- Beckman Coulter is taking over distribution of a congestive heart failure assay from Quidel as part of an agreement that will settle litigation between the two companies.
- Quidel, which acquired the B-type natriuretic peptide (BNP) assay from Alere, will continue to supply Beckman Coulter with antibodies used to make the product. Beckman Coulter will pay Quidel between $70 million and $75 million a year through 2029.
- While analysts at Craig-Hallum and William Blair said that they thought Quidel had a solid legal case, the agreement eliminates the remaining risk and frees the company to focus on other matters.
Quidel acquired the BNP assay in 2017 as part of Alere's divestiture of assets to get the antitrust approvals needed for Abbott Laboratories' then-pending takeover. Writing at the time, analysts at William Blair said the deal diversified Quidel's business "at a valuation and accretion that seems almost hard to believe." However, the deal exposed Quidel to an unusual business arrangement.
"It always seemed to us to be a bit of a goofy arrangement from the time the original deal was struck between Biosite and Beckman Coulter from the early 2000s, as it meant Beckman Coulter had agreed to only sell BNP made by Biosite on the Beckman Coulter instrumentation and even precluded Beckman Coulter from being able to make its own version to sell," the William Blair analysts wrote on Monday.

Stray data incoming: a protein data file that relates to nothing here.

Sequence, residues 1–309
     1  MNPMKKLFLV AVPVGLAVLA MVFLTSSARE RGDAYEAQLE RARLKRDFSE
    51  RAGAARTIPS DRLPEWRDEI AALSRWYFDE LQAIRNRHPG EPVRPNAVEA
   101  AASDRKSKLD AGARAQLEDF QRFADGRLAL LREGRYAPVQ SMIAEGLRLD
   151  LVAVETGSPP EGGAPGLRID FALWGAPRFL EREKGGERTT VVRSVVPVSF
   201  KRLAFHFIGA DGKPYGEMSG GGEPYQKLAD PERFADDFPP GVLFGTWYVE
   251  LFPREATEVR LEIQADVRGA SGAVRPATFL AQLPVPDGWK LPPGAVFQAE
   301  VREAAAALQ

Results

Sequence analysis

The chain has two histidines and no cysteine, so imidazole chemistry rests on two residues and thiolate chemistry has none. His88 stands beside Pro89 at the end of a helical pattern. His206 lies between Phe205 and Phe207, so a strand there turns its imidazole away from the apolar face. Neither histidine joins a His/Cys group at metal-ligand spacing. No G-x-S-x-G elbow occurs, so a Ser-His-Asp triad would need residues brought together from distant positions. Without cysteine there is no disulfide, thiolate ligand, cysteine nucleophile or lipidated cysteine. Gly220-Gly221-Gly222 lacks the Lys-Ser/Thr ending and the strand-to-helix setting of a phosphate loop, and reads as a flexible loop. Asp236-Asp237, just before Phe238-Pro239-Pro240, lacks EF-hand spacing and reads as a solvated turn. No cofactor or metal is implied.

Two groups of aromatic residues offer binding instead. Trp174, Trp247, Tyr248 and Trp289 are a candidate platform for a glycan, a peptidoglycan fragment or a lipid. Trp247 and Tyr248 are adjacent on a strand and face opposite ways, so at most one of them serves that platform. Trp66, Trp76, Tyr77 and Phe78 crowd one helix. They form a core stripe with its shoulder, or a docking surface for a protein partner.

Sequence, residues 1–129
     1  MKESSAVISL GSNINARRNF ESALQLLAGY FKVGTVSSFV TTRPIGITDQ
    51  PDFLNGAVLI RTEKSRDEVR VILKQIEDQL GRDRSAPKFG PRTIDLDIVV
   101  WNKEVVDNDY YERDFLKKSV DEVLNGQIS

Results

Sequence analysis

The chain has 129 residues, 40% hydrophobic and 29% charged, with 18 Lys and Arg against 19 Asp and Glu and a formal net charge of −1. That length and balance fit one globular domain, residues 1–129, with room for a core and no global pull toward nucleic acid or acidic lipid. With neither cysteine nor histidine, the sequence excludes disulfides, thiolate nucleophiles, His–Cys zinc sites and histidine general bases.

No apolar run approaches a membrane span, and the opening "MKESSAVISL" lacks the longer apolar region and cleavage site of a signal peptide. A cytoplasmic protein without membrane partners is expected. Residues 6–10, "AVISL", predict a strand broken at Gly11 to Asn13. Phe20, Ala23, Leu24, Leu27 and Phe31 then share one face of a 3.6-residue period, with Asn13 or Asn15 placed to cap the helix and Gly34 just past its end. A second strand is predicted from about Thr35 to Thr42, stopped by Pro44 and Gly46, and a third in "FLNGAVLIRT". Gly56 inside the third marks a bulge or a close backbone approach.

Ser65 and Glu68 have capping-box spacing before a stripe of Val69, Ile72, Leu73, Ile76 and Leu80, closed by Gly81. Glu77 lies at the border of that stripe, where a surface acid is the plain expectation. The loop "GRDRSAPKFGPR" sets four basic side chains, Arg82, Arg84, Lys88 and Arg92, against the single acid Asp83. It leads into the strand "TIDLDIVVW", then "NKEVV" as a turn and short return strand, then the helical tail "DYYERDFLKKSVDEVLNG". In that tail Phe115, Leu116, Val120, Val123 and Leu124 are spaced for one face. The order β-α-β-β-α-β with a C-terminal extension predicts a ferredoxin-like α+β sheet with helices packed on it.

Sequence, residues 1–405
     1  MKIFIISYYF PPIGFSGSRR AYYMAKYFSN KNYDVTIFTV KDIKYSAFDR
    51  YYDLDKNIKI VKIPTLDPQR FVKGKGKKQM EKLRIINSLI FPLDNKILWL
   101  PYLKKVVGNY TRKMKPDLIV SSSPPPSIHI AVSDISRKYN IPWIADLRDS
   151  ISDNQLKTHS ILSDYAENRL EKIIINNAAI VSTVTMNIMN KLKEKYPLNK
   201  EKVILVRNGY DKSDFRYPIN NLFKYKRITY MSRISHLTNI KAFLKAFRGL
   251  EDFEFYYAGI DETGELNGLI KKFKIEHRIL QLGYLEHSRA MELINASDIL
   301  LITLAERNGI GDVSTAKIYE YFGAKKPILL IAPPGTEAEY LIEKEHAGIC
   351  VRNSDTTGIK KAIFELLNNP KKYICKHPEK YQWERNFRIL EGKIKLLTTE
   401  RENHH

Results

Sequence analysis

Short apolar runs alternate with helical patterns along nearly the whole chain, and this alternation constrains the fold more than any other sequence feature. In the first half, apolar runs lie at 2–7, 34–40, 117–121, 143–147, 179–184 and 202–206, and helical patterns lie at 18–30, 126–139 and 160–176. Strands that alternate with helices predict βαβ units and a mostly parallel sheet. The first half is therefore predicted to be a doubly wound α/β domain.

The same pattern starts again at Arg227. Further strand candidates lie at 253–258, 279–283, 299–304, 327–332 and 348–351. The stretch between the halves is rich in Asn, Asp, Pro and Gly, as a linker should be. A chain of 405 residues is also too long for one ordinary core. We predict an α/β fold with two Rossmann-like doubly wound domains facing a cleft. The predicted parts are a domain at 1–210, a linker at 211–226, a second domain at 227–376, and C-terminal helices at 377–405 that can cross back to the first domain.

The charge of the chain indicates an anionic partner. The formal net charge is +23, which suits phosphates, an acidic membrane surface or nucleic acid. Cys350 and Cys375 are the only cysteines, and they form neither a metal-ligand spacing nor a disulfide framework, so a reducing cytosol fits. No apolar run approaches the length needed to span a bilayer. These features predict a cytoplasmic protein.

The unusual arrangement functioned under Biosite and Alere but quickly landed Quidel in court. One month after Quidel closed the acquisition, Beckman Coulter pursued commercial litigation to seek the right to sell the assay directly to its customers without sourcing antibodies from Quidel.
Analysts at Craig-Hallum said an August 2019 ruling "greatly diminished" the risk to Quidel but the potential for the case to eliminate "~50% of their pre-COVID EBITDA" meant the downside, however unlikely it was to happen, remained significant. The agreement removes that downside risk.
Quidel is transferring the BNP business to Beckman Coulter. From 2022 to 2029, Quidel will receive at least $70 million a year from Beckman Coulter, with the potential to earn an additional $5 million a year depending on sales of the assay. As Quidel discontinues its TRIAGE BNP assay, Beckman Coulter will start selling a rebranded Access BNP product.
Management at Quidel expects the arrangement to be neutral to earnings per share and cash flow. Quidel's elimination of a threat to its business and the distraction of litigation without taking a financial hit was well received by analysts.
"We see no downside to this in any way, be it financially or strategically for Quidel. The only tangential read we think people may make is removing any speculation Danaher would be an acquirer of all of Quidel and would have used the BNP arrangement as partial justification for that move. We saw that as a limited possibility," the William Blair analysts wrote.